In one small town where we lived, the church had built us a beautiful new parsonage. I loved it and everyone in town was proud of it. One day, true to the directions in the minister’s wife handbook, which I was rereading for the twentieth time, I decided to bake bread for someone who was sick. I also decided to plant petunias around the foundation of the house. I left our baby inside asleep in her crib, feeling guilty because maybe the house would blow up or catch on fire or some other such dire calamity would happen, but I traipsed outside with my trowel and flowers anyway. Some time later I decided I’d better check on her. I opened the kitchen door and nearly fainted. The house was full of smoke! I grabbed the baby, took my older daughter by the hand and ran to my husband’s study in the church shouting, “The house is on fire! The house is on fire!” (One has to shout at him, he only responds to frightening sounds!) He told me to call the fire department and he raced over to the house. A word of explanation is appropriate here. In small Iowa towns, the fire department is a voluntary deal. Any man who is in town responds to the fire whistle and usually everyone else does, too. this was no exception, and besides, the parsonage was the newest house in town. Those men went through the house with a fine-toothed comb. Finally, one gentleman lifted the lid on a pot on the stove and discovered the charred, burned potatoes for my bread! A friendly woman comforted me with the words: “Don’t feel badly, Margie. Now we know you’re human.”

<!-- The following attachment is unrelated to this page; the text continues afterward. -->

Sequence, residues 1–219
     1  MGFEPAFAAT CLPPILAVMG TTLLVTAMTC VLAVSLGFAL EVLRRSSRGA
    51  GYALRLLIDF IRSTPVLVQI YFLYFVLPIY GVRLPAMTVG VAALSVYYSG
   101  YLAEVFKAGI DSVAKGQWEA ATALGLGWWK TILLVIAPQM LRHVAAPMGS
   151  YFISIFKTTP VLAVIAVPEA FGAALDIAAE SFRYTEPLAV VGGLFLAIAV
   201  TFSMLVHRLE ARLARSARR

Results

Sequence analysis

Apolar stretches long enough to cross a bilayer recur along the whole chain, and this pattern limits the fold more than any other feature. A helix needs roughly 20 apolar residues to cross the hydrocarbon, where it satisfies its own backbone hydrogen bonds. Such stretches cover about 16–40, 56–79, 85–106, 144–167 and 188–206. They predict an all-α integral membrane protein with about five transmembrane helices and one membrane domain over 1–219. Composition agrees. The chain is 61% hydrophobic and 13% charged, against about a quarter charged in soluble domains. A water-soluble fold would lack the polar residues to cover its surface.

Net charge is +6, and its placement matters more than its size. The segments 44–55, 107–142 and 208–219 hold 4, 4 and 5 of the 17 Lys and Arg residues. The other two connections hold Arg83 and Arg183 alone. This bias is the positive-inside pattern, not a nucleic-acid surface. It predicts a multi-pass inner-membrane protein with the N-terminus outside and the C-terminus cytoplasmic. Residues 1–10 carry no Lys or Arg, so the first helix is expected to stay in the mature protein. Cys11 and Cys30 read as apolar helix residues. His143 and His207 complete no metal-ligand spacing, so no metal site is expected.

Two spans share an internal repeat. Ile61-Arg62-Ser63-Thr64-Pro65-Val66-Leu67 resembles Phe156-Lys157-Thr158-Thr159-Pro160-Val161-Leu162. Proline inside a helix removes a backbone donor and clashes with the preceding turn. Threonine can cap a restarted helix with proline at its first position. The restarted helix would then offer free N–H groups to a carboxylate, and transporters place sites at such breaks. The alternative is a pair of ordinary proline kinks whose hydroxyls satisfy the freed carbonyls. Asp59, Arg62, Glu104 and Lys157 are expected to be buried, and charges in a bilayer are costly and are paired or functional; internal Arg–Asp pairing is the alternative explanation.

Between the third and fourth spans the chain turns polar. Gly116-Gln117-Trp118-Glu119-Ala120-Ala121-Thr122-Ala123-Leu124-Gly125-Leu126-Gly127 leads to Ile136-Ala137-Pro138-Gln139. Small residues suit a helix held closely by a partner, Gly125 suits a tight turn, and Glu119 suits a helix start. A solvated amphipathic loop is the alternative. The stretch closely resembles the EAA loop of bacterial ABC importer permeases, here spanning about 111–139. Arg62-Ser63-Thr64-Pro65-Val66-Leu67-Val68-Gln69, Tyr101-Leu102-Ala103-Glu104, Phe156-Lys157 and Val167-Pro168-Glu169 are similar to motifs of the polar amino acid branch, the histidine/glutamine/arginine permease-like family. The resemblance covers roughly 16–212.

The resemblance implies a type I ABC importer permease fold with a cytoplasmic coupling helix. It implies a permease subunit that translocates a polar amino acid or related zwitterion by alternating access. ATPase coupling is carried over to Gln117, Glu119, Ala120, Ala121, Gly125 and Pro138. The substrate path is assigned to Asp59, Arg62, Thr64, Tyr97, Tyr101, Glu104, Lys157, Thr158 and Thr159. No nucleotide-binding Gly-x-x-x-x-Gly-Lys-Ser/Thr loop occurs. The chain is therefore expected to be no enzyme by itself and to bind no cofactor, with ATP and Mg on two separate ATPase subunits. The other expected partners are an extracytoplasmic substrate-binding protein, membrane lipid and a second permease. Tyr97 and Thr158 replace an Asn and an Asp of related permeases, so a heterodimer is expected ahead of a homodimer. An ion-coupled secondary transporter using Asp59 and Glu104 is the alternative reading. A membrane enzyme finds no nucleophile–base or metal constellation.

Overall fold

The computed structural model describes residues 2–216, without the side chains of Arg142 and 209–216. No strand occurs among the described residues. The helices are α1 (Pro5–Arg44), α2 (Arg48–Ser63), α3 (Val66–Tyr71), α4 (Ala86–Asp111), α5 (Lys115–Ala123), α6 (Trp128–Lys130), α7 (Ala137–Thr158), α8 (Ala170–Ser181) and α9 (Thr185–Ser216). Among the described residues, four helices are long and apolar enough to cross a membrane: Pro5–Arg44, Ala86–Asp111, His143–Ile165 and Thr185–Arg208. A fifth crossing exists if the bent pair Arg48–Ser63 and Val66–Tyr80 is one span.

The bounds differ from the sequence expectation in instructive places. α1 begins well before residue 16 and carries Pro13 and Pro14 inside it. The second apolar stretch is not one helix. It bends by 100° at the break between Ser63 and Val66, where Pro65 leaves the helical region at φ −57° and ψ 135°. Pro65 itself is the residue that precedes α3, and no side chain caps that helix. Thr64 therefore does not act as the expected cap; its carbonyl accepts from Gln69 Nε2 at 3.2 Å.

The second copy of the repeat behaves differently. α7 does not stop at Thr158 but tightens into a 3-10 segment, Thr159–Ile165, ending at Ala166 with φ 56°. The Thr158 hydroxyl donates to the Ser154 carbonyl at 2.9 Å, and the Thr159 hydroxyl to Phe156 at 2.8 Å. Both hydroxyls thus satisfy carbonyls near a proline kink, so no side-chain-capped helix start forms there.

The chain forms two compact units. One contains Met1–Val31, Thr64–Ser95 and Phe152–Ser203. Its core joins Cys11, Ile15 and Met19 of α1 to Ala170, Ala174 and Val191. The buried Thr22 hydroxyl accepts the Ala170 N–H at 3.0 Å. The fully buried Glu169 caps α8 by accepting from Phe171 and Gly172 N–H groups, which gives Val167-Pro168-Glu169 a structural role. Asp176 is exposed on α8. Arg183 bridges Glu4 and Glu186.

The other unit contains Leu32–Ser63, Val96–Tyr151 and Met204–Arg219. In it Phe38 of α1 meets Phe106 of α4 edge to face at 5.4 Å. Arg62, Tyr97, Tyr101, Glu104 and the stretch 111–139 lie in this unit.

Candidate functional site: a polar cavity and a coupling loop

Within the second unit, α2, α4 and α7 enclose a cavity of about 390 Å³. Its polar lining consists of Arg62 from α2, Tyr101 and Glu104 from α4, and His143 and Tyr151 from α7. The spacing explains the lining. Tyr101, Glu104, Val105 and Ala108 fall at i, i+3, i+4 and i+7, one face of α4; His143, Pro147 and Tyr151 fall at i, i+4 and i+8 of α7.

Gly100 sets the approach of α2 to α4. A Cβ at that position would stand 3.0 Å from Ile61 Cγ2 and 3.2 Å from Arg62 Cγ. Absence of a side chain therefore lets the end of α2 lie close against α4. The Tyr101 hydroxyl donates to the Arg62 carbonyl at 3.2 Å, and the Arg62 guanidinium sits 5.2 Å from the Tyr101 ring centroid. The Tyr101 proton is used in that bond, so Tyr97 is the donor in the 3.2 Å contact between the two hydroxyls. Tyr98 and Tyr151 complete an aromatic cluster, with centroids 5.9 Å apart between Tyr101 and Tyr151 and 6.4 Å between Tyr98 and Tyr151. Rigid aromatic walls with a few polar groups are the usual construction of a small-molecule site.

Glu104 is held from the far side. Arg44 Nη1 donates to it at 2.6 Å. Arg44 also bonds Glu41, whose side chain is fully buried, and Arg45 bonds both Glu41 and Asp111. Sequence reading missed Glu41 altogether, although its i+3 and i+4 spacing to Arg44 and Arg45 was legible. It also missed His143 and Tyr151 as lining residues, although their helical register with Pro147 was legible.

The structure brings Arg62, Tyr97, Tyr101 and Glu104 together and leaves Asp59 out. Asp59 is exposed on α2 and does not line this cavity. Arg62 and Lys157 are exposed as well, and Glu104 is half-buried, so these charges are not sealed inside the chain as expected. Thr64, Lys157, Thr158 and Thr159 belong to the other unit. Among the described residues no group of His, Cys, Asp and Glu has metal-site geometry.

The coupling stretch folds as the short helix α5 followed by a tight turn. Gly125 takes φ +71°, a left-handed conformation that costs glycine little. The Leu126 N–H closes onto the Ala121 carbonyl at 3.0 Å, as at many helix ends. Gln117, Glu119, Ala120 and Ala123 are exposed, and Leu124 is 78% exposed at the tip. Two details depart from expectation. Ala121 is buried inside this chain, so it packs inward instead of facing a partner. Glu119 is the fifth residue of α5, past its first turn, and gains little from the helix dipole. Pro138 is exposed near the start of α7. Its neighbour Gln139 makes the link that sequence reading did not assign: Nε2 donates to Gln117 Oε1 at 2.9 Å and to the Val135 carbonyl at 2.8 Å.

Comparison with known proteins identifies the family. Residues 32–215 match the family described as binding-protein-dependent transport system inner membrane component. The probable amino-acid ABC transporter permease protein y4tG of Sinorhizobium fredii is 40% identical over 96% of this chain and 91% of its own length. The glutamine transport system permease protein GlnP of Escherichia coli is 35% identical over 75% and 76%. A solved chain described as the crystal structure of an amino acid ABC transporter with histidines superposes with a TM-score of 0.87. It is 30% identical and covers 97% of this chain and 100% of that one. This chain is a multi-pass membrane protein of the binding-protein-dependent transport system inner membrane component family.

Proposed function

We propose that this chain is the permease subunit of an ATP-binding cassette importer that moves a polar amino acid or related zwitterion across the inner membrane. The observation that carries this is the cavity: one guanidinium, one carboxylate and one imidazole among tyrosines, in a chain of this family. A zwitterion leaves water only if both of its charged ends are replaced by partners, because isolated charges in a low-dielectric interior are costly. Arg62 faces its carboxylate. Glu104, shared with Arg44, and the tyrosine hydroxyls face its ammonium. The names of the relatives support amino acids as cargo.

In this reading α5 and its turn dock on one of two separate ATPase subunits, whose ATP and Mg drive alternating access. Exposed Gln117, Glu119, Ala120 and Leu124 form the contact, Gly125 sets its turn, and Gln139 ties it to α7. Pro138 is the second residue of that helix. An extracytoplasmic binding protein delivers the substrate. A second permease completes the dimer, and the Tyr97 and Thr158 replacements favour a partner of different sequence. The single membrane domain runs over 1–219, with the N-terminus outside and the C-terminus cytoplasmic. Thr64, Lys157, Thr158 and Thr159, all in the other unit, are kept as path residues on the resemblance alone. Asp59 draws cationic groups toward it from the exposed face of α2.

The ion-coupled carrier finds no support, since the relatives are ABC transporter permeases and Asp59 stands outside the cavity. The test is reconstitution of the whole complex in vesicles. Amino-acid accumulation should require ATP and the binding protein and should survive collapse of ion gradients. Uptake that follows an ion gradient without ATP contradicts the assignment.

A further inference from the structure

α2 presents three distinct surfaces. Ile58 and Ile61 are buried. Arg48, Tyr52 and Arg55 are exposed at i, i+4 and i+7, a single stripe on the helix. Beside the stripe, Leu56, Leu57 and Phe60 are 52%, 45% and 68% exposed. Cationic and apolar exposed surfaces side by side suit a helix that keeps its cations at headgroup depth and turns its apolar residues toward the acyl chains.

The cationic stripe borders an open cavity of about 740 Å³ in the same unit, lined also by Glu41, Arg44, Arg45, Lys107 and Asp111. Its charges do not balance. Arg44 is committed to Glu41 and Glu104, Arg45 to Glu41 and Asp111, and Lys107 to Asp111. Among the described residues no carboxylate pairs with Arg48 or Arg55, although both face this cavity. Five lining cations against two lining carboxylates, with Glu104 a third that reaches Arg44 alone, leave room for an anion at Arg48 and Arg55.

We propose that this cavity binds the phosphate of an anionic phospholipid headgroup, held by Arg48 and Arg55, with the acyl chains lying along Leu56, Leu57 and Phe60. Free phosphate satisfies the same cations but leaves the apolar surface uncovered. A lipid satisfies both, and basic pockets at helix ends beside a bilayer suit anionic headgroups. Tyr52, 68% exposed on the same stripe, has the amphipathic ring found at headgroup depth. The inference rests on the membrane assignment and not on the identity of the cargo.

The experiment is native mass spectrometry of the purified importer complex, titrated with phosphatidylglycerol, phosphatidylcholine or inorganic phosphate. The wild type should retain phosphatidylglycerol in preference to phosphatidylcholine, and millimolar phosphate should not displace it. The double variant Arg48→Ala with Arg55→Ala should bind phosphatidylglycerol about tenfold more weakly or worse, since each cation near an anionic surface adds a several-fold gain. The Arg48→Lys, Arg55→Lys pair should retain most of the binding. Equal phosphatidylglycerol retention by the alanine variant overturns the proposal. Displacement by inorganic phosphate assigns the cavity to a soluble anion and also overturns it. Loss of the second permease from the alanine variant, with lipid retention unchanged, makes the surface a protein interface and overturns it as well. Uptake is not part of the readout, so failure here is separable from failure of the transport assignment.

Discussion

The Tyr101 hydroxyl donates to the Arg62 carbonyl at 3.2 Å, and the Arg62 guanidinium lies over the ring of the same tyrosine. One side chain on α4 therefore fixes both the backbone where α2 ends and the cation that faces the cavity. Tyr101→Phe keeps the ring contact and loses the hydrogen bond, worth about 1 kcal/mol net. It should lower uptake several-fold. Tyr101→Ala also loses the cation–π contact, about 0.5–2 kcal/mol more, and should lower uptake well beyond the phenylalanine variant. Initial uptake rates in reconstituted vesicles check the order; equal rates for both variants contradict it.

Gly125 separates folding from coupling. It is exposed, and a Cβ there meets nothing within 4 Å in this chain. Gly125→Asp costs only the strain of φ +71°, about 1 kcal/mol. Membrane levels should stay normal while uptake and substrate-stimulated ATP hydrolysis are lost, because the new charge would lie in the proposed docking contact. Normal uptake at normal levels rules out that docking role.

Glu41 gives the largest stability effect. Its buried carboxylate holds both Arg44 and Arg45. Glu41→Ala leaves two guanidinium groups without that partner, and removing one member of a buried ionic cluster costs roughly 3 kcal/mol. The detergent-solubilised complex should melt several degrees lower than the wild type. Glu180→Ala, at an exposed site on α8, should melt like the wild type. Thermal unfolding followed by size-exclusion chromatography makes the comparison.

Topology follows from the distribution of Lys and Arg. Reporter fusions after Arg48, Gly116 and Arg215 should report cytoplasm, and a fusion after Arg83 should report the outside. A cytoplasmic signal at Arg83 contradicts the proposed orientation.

I do try not to take myself too seriously, and I am trying to be myself. I even allow my parents to be themselves although that was not always the case. A year after we were married, my mother visited us. She had snatched a quick cigarette while I stood sentinel at the window. I saw one of my dear watchdogs coming up the walk and I yelled at Mother to run upstairs and take her ashtray with her. Thus, when I opened the door I stood innocently alone, wreathed in a thick gray cloud of cigarette smoke!